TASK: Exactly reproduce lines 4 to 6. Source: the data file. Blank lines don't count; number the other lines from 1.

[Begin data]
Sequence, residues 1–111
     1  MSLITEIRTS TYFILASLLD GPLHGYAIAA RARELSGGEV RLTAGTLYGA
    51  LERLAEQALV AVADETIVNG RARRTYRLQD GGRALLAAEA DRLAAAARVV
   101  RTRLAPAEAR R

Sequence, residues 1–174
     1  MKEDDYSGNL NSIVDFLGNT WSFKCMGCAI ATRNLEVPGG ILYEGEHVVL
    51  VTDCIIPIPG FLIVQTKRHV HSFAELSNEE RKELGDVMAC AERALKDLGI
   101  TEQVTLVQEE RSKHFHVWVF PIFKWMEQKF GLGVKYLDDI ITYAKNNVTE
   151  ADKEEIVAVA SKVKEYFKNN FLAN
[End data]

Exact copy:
   101  RTRLAPAEAR R

Sequence, residues 1–174
     1  MKEDDYSGNL NSIVDFLGNT WSFKCMGCAI ATRNLEVPGG ILYEGEHVVL